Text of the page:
I'm also in a perpetual feud with my brushes, with 2017 being an especially acrimonious year. Do any of you other painters out there have a love/hate relationship with your brushes? I use Winsor & Newton's Miniature Series 7, which are not cheap and can only be found in one nearby store (and even then they are only in stock about 1/3 of the time). When I break out a new brush, there's at least a 50% chance that within a couple hours I'll find that it's just got the wrong personality for me, and I will unceremoniously dump it. I'm neurotically fussy about the tip -- it has to have the breadth to hold a large quantity of paint, a fine point to execute detail, and a plump midsection so that it can deliver a solid line when I exert an added lick of pressure. 

And even if I do find the right brush, I start to abuse it. For instance, I often mix paint with the brush, smooshing the bristles. Any experienced painter will say this is a big no-no. But I do it anyway. Who has time to fiddle around with toothpicks every time your need to blend colours on the fly? And so as my brushes wear and age, their ability to apply paint gets more and more eccentric. And I grow resentful. This all got especially bad in 2017, when I clung for much too long to my old, mistreated brushes rather than going through the rigmarole of breaking in new ones. I despised those scraggly wrecks, but wouldn't let them go. It's like the old poem by Catullus: I love and I hate. Why do I bother, you ask? I'm not sure. But I feel it and I'm tortured.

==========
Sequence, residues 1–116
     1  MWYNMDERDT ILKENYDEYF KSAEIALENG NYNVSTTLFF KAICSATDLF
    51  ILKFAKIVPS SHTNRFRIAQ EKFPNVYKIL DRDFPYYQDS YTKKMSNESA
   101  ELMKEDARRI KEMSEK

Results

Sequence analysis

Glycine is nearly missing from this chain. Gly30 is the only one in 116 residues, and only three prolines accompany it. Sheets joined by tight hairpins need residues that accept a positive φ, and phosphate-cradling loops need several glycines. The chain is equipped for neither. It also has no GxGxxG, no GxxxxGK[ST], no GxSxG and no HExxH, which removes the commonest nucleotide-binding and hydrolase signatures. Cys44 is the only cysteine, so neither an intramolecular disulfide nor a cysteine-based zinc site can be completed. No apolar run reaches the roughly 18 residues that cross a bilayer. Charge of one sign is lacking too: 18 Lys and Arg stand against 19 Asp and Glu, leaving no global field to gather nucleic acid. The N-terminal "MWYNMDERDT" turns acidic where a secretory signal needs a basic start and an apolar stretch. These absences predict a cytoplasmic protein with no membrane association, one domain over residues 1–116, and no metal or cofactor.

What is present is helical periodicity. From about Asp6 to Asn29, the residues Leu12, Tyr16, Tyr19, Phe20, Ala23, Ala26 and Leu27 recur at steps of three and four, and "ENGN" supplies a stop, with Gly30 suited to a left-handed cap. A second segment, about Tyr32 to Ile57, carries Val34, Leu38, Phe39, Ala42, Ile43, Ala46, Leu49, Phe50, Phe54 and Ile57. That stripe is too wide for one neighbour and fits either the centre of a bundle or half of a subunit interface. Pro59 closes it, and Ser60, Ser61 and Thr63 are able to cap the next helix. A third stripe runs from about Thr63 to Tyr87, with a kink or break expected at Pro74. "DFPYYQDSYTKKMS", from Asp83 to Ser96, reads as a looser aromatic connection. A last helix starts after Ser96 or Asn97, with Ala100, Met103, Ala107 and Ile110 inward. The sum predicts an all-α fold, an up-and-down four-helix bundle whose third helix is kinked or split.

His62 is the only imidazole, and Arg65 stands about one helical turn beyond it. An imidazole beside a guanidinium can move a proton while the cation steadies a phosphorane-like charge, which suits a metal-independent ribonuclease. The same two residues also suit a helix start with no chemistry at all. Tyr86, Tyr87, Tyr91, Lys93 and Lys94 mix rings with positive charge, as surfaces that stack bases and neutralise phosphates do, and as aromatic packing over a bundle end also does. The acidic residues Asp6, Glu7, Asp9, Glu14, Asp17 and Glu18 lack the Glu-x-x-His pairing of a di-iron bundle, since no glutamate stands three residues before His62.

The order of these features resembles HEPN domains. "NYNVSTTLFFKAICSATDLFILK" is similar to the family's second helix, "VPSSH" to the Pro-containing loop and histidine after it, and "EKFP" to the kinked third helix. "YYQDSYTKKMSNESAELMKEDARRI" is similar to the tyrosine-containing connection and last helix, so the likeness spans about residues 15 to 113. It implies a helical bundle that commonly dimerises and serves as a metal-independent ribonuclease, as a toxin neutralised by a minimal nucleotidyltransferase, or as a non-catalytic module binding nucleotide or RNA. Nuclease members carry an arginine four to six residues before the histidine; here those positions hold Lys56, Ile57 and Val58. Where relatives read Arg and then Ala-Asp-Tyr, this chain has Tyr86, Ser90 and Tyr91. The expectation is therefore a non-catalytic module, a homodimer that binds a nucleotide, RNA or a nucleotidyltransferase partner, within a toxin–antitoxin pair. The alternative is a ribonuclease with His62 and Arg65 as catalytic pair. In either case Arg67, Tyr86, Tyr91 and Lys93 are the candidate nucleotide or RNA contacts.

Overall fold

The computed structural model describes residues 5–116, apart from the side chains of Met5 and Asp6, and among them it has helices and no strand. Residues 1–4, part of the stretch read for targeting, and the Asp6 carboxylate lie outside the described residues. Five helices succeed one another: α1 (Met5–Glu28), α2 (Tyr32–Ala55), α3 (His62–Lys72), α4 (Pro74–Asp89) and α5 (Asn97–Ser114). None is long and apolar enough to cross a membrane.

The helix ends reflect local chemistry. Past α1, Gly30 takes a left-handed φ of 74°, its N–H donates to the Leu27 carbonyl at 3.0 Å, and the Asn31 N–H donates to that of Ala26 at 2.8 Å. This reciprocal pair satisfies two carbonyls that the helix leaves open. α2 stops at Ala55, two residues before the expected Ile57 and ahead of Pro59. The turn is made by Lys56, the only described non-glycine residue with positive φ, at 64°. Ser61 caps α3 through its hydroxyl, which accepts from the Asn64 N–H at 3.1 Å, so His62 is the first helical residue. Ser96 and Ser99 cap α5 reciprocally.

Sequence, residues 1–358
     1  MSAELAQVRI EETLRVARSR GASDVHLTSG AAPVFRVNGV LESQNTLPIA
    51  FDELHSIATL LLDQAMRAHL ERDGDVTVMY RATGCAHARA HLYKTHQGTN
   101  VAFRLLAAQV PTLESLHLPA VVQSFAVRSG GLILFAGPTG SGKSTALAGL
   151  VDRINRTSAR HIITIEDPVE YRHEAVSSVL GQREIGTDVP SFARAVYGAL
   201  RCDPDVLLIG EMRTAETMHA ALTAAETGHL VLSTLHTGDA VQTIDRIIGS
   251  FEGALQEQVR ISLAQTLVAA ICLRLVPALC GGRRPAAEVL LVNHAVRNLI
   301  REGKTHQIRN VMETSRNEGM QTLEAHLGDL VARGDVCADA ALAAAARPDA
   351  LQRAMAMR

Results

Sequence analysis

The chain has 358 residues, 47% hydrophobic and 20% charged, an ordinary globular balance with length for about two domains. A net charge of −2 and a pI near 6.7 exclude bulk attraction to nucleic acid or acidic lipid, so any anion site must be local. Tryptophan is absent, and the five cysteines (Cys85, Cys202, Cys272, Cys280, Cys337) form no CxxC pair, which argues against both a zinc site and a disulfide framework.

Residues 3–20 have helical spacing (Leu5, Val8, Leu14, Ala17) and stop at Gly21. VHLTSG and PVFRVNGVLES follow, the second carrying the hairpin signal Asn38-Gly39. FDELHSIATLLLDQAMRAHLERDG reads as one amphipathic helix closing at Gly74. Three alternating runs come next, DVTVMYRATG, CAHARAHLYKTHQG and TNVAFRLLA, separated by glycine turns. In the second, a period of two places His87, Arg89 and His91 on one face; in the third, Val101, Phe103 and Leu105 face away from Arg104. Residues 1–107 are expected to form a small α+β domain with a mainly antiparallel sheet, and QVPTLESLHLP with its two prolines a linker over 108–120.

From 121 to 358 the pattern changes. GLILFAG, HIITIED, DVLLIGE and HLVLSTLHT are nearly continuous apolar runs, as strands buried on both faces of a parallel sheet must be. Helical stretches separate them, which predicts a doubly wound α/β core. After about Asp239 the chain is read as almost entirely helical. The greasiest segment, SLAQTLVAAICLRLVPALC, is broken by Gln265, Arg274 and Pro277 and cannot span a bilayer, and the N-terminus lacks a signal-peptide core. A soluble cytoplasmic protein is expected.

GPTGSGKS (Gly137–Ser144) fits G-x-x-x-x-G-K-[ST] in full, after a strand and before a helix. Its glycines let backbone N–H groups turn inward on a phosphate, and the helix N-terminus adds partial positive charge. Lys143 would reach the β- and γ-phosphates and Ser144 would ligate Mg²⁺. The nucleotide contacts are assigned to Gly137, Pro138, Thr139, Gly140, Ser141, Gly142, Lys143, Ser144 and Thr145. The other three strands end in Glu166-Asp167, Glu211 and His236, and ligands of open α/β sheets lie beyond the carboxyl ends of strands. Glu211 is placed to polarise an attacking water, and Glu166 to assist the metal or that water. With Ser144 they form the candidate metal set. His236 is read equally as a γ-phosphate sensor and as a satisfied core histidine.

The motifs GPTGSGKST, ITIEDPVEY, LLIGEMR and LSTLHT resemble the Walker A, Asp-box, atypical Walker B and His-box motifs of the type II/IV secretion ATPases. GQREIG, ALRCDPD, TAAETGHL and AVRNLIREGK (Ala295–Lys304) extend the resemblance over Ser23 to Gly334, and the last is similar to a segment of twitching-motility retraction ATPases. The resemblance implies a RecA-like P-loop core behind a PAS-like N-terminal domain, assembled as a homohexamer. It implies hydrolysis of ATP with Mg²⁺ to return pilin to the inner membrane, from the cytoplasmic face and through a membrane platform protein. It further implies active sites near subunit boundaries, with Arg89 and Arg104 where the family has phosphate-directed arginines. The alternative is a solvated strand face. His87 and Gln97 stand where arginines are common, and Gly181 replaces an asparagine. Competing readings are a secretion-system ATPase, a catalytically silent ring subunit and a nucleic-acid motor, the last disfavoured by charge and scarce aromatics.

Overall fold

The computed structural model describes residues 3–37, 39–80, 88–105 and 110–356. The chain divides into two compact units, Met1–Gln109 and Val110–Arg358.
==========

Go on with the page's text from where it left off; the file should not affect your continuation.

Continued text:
Well, in the autumn I finally got new brushes, threw most of them away after a couple hours and kept the best of a bad lot. And I still hate 'em, the limp bastards. It's all pathetic and dysfunctional. And yet, together, my brushes and I still managed to pump out 220 miniatures.

So what did I paint in 2017? Here's the detailed breakdown:

31 Star Wars Imperial Assault miniatures from Jabba's Realm (Fantasy Flight Games)

2 Desert Skiffs for Star Wars Imperial Assault

1 Cthulhu investigator (Copplestone Castings)

42 Zombies (Gripping Beast, sculpted by Bob Naismith)

16 Zombies for Black Plague (Cool Mini or Not)

20 Zombie Wolves for Black Plague Wulfsburg (Cool Mini or Not)

4 Zombie Abominations for Black Plague (Cool Mini or Not)

18 Oldhammer Monks/Clerics for Vengeance of the Lichemaster (Citadel)